Greek historian and general Thucydides (c. 460-c. 395 B.C.) wrote his History of the Peloponnesian War as just that: a history. An invaluable work that is, of course, still studied today in universities and war colleges, Thucydides’ history is remains, more than 2,000 years after it was written, the sole...
Greek historian and general Thucydides (c. 460-c. 395 B.C.) wrote his History of the Peloponnesian War as just that: a history. An invaluable work that is, of course, still studied today in universities and war colleges, Thucydides’ history is remains, more than 2,000 years after it was written, the sole credible account of the military conflict between Athens and Sparta. A detailed history that eschewed sensationalism or reference to interventions by immortals on either side, the decision by Thucydides to include the Melian Dialogue represented a notable, and historically significant, interruption in his narrative to emphasize the dominance of what is known today as “realpolitik.”
Realpolitik, a cold emotionless calculation of national or strategic interest irrespective of moral considerations, is considered to have its origins in the Melian Dialogue, and is often cited today in discussions of international relations. The dialogue involves a powerful entity, Athens, dictating to a smaller, weaker entity, the island of Melos, a colony of Sparta, the terms of their relationship. Athens, in effect, is explaining to the representatives of Melos why the latter is destined to be conquered by the former:
Athenians: . . . we recommend that you should try to get what it is possible for you to get, taking into consideration what we both really do think; since you know as well as we do that, when these matters are discussed by practical people, the standard of justice depends on the equality of power to compel and that in fact the strong do what they have the power to do and the weak accept what they have to accept.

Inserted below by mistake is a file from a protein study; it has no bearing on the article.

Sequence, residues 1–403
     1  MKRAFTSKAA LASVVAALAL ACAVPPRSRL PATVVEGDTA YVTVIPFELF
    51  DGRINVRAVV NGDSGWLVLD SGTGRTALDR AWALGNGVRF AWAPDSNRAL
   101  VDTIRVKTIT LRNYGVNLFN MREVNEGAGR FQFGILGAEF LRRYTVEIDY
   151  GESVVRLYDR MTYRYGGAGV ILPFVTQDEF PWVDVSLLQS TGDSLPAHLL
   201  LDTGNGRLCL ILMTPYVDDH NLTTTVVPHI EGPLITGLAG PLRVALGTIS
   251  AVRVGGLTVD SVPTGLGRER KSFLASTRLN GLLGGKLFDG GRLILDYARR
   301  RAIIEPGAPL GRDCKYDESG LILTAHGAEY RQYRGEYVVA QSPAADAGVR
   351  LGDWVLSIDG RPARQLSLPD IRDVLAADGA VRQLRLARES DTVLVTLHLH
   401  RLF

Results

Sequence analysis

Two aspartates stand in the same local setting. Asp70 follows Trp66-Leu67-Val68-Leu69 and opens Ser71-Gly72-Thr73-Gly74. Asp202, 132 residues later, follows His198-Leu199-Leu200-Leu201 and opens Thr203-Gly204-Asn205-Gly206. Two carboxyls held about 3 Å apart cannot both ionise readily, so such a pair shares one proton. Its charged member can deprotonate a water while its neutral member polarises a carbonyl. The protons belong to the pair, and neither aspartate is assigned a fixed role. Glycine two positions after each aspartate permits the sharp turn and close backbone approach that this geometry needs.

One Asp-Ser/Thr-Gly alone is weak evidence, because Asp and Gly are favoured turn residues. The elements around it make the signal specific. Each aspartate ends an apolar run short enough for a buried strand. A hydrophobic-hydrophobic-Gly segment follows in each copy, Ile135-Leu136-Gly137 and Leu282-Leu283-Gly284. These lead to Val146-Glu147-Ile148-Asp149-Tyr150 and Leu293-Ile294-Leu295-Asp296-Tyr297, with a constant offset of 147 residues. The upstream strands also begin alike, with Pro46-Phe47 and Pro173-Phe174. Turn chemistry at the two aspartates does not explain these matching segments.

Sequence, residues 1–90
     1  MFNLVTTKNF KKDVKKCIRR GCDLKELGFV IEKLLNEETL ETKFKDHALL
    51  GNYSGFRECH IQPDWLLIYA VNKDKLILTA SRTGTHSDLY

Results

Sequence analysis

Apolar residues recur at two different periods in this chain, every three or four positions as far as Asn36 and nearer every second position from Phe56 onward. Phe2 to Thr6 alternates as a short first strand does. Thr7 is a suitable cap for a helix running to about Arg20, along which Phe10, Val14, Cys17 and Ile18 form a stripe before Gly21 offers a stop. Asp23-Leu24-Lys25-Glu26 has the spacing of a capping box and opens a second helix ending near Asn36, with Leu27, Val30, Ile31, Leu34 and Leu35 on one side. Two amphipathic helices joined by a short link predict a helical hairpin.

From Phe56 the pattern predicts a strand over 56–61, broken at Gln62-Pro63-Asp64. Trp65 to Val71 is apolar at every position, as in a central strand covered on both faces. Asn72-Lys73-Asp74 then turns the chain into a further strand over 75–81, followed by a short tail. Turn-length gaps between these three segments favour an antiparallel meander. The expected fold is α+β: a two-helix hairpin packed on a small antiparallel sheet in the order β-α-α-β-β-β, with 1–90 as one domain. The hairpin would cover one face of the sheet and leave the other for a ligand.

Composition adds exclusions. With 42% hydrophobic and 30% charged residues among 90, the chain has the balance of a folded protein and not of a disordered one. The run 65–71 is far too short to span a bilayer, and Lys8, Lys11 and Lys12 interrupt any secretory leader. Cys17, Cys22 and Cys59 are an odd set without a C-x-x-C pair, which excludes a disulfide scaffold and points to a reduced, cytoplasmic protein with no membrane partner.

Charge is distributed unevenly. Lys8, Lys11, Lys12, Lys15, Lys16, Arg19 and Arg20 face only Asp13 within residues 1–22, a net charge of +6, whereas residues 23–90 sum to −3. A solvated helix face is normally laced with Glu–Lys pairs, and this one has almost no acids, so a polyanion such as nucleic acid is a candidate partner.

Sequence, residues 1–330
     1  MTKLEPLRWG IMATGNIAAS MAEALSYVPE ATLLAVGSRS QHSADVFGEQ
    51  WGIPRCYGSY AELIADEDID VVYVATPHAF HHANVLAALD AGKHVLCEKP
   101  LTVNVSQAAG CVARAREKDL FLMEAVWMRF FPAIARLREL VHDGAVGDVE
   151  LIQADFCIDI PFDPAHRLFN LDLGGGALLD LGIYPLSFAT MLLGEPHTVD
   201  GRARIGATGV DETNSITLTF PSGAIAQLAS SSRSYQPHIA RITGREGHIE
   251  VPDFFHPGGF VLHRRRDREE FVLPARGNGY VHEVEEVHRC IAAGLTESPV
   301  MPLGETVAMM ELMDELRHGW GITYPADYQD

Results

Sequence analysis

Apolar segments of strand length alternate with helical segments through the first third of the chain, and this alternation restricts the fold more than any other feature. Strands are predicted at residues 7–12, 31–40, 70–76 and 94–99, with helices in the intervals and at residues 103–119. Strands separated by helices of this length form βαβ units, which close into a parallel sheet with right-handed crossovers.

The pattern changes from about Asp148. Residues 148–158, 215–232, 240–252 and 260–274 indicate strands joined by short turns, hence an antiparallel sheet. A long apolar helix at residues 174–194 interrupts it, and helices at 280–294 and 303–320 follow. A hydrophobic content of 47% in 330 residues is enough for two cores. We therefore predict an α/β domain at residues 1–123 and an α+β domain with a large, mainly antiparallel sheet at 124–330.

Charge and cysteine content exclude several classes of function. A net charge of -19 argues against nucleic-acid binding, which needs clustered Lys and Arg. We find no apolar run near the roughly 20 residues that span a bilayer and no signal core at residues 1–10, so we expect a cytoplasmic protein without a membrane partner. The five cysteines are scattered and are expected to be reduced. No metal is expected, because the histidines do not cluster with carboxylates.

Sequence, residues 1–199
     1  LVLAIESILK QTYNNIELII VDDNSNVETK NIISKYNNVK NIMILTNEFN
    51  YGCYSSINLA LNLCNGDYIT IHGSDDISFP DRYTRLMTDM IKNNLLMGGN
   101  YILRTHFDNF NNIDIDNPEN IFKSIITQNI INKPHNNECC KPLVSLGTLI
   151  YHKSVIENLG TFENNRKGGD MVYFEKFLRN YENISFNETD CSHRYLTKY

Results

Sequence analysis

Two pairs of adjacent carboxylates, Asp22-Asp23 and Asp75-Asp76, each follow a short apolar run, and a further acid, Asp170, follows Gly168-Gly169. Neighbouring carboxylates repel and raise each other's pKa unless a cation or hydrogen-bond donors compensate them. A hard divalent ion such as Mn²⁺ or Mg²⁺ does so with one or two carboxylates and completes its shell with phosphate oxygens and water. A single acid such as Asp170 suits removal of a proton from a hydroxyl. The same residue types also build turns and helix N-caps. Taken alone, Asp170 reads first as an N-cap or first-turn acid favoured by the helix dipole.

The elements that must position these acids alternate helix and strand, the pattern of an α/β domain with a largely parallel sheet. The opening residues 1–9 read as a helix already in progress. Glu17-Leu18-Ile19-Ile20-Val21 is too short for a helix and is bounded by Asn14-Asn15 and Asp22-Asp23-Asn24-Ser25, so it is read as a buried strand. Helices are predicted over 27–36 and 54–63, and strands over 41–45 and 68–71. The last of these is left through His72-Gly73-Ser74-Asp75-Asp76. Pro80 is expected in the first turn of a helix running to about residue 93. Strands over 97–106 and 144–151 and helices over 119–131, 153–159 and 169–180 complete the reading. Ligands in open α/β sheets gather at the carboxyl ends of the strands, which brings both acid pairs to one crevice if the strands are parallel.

Melians: Then in our view (since you force us to leave justice out of account and to confine ourselves to self-interest) – in our view it is at any rate useful that you should not destroy a principle that is to the general good of all men – namely, that in the case of all who fall into danger there should be such a thing as fair play and just dealing, and that such people should be allowed to use and to profit by arguments that fail short of a mathematical accuracy. And this is a principle which affects you as much as anybody, since your own fall would be visited by the most terrible vengeance and would be an example to the world.
Athenians: . . . What we shall do now is to show ou that it is for the good of our own empire that we are here and that is for the preservation of your city that we shall say what we are going to say. We do not want any trouble in bringing you into our empire, and we want you to be spared for the good both of yourselves and of ourselves.
Melians: And how could it be just as good for us to be the slaves as for you to be the masters?
Athenians: You, by giving in, would save yourselves from disaster; we, by not destroying you, would be able to profit from you. . . (I)f we were on friendly terms with you, our subjects would regard that as a sign of weakness in us, whereas your hatred is evidence of our power.”
The Melian Dialogue is the classic presentation of the rational application of power and the dispositive efforts of the weaker party to see itself spared the indignity of being subjected to the humiliation of its subjugation.